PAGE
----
The Action Plan announces a comprehensive policy framework that will aim to strengthen industrial competitiveness and innovation, boosting the EU market for sustainable and circular textiles, including the market for textile reuse, and driving new business models.
Textiles are the fourth highest-pressure category for the use of primary raw materials and water, and fifth for greenhouse gas emissions. This future strategy will boost the market for sustainable and circular textiles, including the market for textile reuse. It will support new consumption patterns and business models. The Commission will also provide guidance on separate collection of textile waste, which Member States have to ensure by 2025.
The Commission will work with the industry and market actors to identify bottlenecks in circularity for textiles and stimulate market innovation.
The Action Plan builds on the 2018 Plastics strategy, and focuses on increasing recycled plastic content. Mandatory requirements on recycled content will be suggested in areas such as packaging, construction materials and vehicles.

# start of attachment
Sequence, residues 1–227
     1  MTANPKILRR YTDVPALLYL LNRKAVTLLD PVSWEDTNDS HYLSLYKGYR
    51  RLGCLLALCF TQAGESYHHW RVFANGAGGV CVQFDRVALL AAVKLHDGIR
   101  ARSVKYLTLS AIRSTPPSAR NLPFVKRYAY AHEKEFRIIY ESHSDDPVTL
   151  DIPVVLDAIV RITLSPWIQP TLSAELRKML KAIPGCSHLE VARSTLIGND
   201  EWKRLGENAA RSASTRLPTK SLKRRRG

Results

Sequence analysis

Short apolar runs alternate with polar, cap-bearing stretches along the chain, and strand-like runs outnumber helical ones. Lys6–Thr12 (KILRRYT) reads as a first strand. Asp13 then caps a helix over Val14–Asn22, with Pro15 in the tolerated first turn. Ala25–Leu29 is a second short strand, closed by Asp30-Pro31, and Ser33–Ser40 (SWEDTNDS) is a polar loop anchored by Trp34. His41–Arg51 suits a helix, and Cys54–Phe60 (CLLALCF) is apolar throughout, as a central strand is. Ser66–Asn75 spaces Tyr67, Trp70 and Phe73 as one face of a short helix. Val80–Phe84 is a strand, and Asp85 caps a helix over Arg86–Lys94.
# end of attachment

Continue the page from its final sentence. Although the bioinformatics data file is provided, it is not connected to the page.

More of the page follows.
The Action Plan addresses also challenges related to microplastics and sourcing and use of bio-based plastics bio-based and biodegradable plastics. On microplastics, the Commission will restrict the intentional adding of microplastics. It will also work on their unintentional release, further developing and harmonising measurement methods, pursuing labelling, certification and regulatory measures, and consider measures to increase the capture of microplastics in wastewater.
- construction and buildings
The building sector consumes about 50% of all extracted material and is responsible for more than 35% of the Union’s total waste generation.
The Commission will adopt a new comprehensive Strategy for a Sustainable Built Environment to promote circularity principles throughout the whole lifecycle of buildings. The Commission will propose to revise the Construction Product Regulation, which may include recycled content requirements for certain construction products.
The amount of materials used for packaging is continuously growing and in 2017 packaging waste in Europe reached 173 kg per inhabitant – the highest level ever.